I've been asked to explain why it may be bad to have an abstract class that implements most of the methods (as an extreme case, only one abstract method) and has many sub-classes.

Apart from having to look at a lot of code if you change the signature of that method I couldn't think of anything else. My answer didn't seem to satisfy the questioner.

Is there any documented downside in using abstract classes this way?

UPDATE: I'm changing the question's title to make it less opinion-based.

closed as primarily opinion-based by Ixrec, Jörg W Mittag, gnat, user22815, Daenyth Apr 13 '16 at 12:52

Many good questions generate some degree of opinion based on expert experience, but answers to this question will tend to be almost entirely based on opinions, rather than facts, references, or specific expertise. If this question can be reworded to fit the rules in the help center, please edit the question.

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    We cannot read the questioner's mind, sorry. – Jörg W Mittag Apr 13 '16 at 11:16
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    @JörgWMittag, whilst it's unfortunate that the questioner didn't bother to share what they wanted to hear, that doesn't mean this question can't be answered. – David Arno Apr 13 '16 at 11:47
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    @DavidArno: Considering that this is a very common, very powerful, and widely-used pattern, I would hazard a guess that the questioner has something very specific in mind, or might even be mis-informed. There's no way to know what he was thinking of without asking him. – Jörg W Mittag Apr 13 '16 at 11:57
  • @Jörg W Mittag Ok, but this does not explains, what is wrong with David Arno´s answer. – tak3shi Apr 13 '16 at 12:06

Some disadvantages with your approach:

  1. You are coupling a large number of sub classes to that one base class.
  2. You are risking running into the fragile base class problem as it will be difficult to be sure that changing the base class will not break a derived class without checking all of them.
  3. You are spreading the functionality over a number of classes, risking "fragmented responsibility".

You could address all of those by having a single class that takes a function/method/delegate/command object (use as appropriate for your specific language) as a parameter to the constructor. Then rather than having a large number of classes, you have one class, a collection of functions (potentially grouped together) and then use eg a factory to create objects with different functions injected as required.


There is nothing bad about this. In fact, it is a quite powerful and widely-used pattern. I have heard it called a "lever API", because by implementing just one (usually pretty simple) method, you get a large amount of functionality in return. In other words, just like with a lever, you can turn a little effort into a lot of result.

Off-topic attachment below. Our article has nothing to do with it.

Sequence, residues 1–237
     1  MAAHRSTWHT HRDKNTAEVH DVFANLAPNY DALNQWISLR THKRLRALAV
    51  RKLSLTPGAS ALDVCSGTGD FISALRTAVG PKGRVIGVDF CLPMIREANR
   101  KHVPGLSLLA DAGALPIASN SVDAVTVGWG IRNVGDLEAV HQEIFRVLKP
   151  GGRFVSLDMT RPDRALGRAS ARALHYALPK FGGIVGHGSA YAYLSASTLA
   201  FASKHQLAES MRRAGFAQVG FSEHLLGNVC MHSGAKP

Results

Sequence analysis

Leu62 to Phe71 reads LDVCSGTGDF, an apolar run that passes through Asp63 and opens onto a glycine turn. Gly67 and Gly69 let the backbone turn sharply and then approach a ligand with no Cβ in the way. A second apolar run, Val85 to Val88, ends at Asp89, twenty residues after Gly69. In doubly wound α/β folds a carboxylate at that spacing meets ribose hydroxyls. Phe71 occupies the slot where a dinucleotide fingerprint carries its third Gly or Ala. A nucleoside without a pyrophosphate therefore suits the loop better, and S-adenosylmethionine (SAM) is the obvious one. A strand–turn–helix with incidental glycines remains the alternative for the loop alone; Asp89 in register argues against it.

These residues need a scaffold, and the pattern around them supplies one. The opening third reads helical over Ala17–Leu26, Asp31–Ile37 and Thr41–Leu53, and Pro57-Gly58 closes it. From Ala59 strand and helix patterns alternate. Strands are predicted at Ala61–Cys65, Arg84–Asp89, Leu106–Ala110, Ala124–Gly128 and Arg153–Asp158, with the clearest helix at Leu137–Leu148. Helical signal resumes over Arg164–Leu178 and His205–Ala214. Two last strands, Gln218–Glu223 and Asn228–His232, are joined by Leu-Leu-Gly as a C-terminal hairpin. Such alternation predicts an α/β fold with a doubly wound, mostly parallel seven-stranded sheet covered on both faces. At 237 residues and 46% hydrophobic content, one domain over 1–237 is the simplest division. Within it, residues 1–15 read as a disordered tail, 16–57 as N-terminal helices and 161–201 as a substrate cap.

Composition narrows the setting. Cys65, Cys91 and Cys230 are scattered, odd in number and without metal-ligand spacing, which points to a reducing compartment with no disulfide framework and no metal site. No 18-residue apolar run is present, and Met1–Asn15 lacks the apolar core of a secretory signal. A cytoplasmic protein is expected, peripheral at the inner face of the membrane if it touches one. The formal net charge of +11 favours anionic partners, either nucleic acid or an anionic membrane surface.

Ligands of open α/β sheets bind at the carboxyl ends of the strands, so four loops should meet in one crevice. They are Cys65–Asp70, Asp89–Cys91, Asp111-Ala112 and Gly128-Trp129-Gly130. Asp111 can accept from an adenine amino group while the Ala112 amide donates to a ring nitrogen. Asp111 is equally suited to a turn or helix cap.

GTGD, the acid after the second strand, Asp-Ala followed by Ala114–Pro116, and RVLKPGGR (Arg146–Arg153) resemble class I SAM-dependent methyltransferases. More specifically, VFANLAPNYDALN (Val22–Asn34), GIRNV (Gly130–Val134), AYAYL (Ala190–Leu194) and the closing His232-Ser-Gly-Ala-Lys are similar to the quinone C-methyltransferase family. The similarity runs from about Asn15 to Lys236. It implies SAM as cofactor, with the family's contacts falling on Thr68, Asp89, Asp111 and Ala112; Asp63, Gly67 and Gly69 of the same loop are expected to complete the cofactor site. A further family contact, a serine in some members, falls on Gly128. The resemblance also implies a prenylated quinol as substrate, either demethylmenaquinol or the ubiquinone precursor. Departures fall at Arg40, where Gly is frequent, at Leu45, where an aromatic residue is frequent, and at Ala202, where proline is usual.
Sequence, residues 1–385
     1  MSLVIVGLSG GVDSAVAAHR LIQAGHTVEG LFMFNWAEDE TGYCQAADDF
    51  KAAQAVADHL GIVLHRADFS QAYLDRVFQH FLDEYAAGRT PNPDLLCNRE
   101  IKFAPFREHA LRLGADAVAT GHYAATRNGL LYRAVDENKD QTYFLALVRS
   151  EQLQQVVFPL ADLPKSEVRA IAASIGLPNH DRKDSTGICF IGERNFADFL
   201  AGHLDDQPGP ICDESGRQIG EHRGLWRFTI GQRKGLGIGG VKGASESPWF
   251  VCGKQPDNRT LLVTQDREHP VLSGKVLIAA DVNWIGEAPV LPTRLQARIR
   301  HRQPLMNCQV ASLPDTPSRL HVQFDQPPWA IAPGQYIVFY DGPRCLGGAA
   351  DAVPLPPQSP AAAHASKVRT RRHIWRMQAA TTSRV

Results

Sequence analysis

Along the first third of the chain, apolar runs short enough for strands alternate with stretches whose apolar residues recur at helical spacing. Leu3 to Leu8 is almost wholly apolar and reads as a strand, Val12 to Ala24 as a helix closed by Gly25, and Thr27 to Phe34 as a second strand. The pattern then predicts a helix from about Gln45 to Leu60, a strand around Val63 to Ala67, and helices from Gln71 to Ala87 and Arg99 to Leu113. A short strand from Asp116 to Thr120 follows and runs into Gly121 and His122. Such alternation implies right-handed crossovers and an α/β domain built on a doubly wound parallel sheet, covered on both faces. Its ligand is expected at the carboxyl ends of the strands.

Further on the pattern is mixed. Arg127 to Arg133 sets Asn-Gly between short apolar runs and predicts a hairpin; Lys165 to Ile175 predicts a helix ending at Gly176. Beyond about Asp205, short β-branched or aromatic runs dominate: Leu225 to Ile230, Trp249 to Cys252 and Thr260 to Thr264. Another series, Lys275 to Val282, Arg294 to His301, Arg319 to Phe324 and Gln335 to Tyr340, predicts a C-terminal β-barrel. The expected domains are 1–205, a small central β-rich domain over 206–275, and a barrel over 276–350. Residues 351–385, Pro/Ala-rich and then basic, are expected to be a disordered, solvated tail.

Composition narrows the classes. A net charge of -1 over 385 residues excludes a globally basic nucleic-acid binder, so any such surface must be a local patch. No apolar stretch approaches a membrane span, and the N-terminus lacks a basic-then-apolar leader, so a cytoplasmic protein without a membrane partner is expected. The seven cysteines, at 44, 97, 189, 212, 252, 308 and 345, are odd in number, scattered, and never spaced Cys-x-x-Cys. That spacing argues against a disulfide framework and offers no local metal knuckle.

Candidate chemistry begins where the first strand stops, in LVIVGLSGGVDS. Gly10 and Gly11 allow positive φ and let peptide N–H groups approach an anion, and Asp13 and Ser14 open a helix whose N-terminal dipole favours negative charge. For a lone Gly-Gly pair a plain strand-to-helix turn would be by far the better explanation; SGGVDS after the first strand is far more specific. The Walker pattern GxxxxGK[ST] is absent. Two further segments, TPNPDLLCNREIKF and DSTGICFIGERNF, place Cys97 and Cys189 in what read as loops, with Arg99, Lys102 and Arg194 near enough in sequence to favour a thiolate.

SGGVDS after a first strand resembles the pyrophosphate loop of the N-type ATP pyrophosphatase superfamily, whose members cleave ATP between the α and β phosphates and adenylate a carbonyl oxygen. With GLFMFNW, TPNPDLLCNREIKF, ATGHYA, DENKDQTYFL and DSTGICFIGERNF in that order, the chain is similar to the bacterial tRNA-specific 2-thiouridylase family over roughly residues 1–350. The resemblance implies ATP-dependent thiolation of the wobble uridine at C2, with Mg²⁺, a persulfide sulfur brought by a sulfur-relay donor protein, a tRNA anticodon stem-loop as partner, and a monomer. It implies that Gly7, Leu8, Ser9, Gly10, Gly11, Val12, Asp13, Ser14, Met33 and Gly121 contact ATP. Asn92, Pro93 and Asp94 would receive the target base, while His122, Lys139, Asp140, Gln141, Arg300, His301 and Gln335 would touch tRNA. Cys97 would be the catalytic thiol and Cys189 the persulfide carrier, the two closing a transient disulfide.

Some examples of where this is used in the wild, are:

  • Ruby's Enumerable API: as of Ruby 2.3, Enumerable has 48 concrete methods (map, flat_map, find, reduce, … all of the methods you would expect from an iterable object), all of which are implemented in terms of one single abstract method: each. Subclasses, such as Array, Hash, Set, Enumerator, etc, only need to implement a way to iterate over themselves (i.e. each) and gain all the other methods for free. Pretty much anything that is even remotely collection-like inherits from Enumerable.
  • Ruby's Comparable API: Subclasses only need to implement <=> (the combined comparison operator), and gain <, <=, >, >=, and between? for free. Pretty much anything inherits from Comparable.
  • Scala's FunctionN API: you only need to implement apply, and your object can be treated as a function. Lots of things inherit from FunctionN, for example Set inherits from Function1[T, Boolean] and Array inherits from Function1[Int, T]. FunctionN provides a number of concrete methods for composing and transforming functions, all of which rely on apply.
  • Scala's Traversable API: similar to Ruby's Enumerable, you only need to implement foreach, and get almost 100 concrete methods for free. Pretty much all collections implement Traversable.
  • The same applies to Iterable: implement iterator and get everything else for free. (In fact: Iterable inherits from Traversable and implements foreach in terms of iterator as well.)

And, of course, generally, a class with a single abstract method is isomorphic to a function type, and is often used that way. E.g.

  • in Python, every object with a __call__ method is considered a "callable" (i.e. function-like) and the __call__ method can be called with syntax sugar like foo(),
  • in Ruby, every object with a call method is considered to be function-like and the call method can be called with syntax sugar like foo.(),
  • in Scala, every object with an apply method is considered to be function-like and the apply method can be called with syntax sugar like foo(), and
  • in Java, every type with a single abstract method is considered to be a function type, and instances of that type can be constructed using lambda literal syntax
  • "There is nothing bad about this...". You are mistaken. Whilst it is indeed a "quite powerful and widely-used pattern", it does have it's problems, as I've listed in my answer. – David Arno Apr 13 '16 at 12:51
  • Those seem to me more like general issues with inheritance of abstract classes, or in fact implementation inheritance in general. They don't seem to be specific to having a small number of abstract methods. – Jörg W Mittag Apr 13 '16 at 14:25

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